Mute Clamp Concept

Discussion in 'Basses [BG]' started by maguire, Dec 15, 2012.

  1. maguire

    maguire Supporting Member

    Nov 24, 2010
    New Hope PA
    Definitely going to consider this.
  2. The hairclip style wouldn't affect pitch would it?

    I still think it would work, but I'm really, REALLY wrong about most things.
  3. TheEmptyCell

    TheEmptyCell Bearded Dingwall Enthusiast

    Jul 16, 2005
    Los Angeles, CA
    I think the clamp is a good idea, but thicker foam would be better. I wonder if there's a design that could attach to the bridge non-permanently.
  4. I messed around with this a little and also found that if the foam presses too hard on the strings the notes will go sharp. I need to have a mute that I can remove quickly because I don't want that dead tone all the time.
    I just glued a piece of foam onto a piece of wood that is shaped to the contour of the string radius.The I sanded the bottom of the wood until the pitch stayed the same.Softer foam works better than harder weather stripping type of foam. With that I have the option to slide the piece out so that I can have the D and G string open and only the lower ones muted.
  5. Jazz Ad

    Jazz Ad Mi la ré sol

    The clamp idea is interesting because it is instantly removable.
    If you plan for a device that remains attached to the instrument, the Bass-Mute is pretty much perfect.
  6. maguire

    maguire Supporting Member

    Nov 24, 2010
    New Hope PA
    That's a really nice balance of simplicity and functionality. Nice!
  7. maguire

    maguire Supporting Member

    Nov 24, 2010
    New Hope PA
    This is seriously cutting into my practice time.

    Here is the simplest one yet. Seems like it could work... in theory. But now Im wondering if its a bad idea to cover the top of the string (as well as the bottom)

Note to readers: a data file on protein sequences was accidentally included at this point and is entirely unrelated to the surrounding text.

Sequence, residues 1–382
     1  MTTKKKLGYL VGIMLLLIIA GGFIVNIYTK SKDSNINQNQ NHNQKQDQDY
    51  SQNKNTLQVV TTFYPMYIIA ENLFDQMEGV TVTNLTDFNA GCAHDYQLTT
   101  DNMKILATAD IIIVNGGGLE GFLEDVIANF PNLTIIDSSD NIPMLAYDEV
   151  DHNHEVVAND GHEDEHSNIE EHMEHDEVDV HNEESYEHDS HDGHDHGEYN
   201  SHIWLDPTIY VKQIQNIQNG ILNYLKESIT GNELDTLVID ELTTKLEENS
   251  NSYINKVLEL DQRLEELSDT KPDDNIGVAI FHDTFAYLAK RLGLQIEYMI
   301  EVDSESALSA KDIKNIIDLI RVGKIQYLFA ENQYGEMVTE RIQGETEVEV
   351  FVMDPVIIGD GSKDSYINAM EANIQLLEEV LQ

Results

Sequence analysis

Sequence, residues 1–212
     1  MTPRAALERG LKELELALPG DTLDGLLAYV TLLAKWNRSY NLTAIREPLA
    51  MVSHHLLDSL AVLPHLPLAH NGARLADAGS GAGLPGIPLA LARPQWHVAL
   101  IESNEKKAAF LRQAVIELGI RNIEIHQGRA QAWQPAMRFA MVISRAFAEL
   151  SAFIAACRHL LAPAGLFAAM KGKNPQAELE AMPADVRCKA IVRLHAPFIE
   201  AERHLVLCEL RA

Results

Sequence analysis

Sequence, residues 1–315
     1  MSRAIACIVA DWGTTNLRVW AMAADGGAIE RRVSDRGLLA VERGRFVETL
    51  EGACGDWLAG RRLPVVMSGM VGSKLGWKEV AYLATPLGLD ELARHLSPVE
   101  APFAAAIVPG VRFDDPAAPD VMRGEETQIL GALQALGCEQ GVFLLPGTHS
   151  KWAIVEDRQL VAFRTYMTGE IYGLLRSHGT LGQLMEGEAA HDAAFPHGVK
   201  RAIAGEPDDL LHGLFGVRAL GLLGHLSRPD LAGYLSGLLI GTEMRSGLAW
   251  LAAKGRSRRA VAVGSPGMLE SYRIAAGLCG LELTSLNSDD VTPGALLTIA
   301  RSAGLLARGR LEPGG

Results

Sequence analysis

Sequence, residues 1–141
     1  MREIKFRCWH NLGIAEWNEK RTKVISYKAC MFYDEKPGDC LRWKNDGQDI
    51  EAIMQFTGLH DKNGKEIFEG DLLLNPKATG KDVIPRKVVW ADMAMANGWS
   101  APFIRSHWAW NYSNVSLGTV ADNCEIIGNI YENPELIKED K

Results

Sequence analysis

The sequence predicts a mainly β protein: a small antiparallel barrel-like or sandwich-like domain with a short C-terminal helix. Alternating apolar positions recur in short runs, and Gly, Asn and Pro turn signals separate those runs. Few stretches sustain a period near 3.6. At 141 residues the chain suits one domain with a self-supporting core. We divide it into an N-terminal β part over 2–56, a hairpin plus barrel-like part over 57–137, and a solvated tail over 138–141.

"I see no reason for the spring or the part that goes over the strings"
    I still have to resolve the aprt that goes over the strings...

    "has to be anchored (or pressed against) to the body somehow"
    "If you use a nice, soft foam in the jaws"
    "but thicker foam would be better."
    "Softer foam works better"
    "I just glued a piece of foam onto a piece of wood that is shaped to the contour of the string radius"

    Attached Files:

  8. maguire

    maguire Supporting Member

    Nov 24, 2010
    New Hope PA
    Thanks for the props Timon and Immigrant :)
    I've got to compensate for my crappy bass skills somehow.
  9. grisezd


    Oct 14, 2009
    V3 is nice. Keep the weight down and the foam just the right thickness and density and you've got a potential winner. Bonus points if you can keep the height over the string to a minumum to avoid being in the right hand's way.
  10. Ewo

    Ewo a/k/a Steve Cooper Supporting Member

    Apr 2, 2008
    Huntington WV
    Me, too. I'll volunteer to be a beta tester, yeah.

    The advantage of your designs is that (I expect) they'll be quicker to insert and remove than a block of foam. I've fooled around with that type, and what I've found is that when the foam is thick enough to do a good amount of damping it's stubborn about being pushed under or pulled out from under the strings, especially on my 5-string. That's why I've not used them on stage.
  11. Stranger Danger